EFF, Gun Groups And Others Sue NSA Over Surveillance

Tom Brewster is TechWeek Europe's Security Correspondent. He has also been named BT Information Security Journalist of the Year in 2012 and 2013.

First Unitarian Church of Los Angeles and the Calguns Foundation join EFF and others in fight against snoops

The Electronic Frontier Foundation (EFF) has found some strange bedfellows in its fight against surveillance, announcing it has joined forces with Unitarian church groups and gun ownership advocates to sue the National Security Agency (NSA) over widespread snooping.

The nineteen-strong coalition has claimed the NSA violated their First Amendment right of association by illegally collecting their call records, as revealed by whistleblower Edward Snowden.

Documents released last month showed Verizon was legally required to hand over communications records of all customers to US intelligence services. It is believed orders stem back to 2006.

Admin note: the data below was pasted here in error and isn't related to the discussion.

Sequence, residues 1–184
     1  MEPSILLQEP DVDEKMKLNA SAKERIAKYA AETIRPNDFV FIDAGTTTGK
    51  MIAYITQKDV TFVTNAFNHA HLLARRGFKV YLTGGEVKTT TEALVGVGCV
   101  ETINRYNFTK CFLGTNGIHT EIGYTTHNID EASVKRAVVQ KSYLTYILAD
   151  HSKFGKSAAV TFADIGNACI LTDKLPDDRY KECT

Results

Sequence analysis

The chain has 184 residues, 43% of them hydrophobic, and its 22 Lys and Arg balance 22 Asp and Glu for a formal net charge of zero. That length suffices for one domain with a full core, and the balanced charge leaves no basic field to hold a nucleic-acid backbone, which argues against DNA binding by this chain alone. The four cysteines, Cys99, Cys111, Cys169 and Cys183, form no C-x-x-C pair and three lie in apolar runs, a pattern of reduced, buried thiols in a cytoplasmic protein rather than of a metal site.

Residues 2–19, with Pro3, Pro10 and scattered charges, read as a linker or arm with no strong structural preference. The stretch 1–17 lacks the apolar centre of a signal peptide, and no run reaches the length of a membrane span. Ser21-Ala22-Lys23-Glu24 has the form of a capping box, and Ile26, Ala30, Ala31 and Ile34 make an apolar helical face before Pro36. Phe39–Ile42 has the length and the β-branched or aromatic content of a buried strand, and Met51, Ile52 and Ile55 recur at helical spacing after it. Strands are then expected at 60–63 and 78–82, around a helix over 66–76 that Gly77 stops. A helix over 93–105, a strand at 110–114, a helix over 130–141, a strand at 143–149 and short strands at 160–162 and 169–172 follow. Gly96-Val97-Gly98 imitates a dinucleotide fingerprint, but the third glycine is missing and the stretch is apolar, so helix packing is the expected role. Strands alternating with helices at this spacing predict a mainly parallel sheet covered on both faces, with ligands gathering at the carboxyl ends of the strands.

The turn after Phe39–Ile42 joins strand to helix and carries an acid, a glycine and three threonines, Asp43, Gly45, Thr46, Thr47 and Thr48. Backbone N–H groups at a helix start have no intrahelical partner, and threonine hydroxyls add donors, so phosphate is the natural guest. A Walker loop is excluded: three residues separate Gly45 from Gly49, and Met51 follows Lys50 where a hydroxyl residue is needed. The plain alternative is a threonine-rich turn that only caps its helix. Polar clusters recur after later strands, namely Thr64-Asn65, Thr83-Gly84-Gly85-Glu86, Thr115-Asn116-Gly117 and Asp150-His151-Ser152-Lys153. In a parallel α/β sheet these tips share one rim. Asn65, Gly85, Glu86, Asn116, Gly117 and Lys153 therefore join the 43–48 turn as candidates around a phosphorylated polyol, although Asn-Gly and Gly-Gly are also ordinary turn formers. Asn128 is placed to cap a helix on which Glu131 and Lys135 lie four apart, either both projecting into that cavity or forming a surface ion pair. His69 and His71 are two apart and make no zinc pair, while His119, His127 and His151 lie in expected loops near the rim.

spy security mobile - Shutterstock © ostillFighting the NSA

Amongst the plaintiffs being represented by the EFF in the case are the First Unitarian Church of Los Angeles and gun rights group the Calguns Foundation. Greenpeace and Human Rights Watch are also taking the fight to the NSA.

EFF legal director Cindy Cohn said the First Amendment protects people’s freedom to associate and express political views as a group, but the NSA’s massive surveillance operation violated that right by giving the government rafts of information on who was working with whom.

She said fear of individual exposure can dissuade people from participating in political debate

“Who we call, how often we call them, and how long we speak shows the government what groups we belong to or associate with, which political issues concern us, and our religious affiliation,” Cohn added.

“Exposing this information – especially in a massive, untargeted way over a long period of time – violates the Constitution and the basic First Amendment tests that have been in place for over 50 years.”

Reverend Rick Hoyt, of the First Unitarian Church of Los Angeles, added: “Our church members and our neighbors who come to us for help should not fear that their participation in the church might have consequences for themselves or their families.

“This spying makes people afraid to belong to our church community.”

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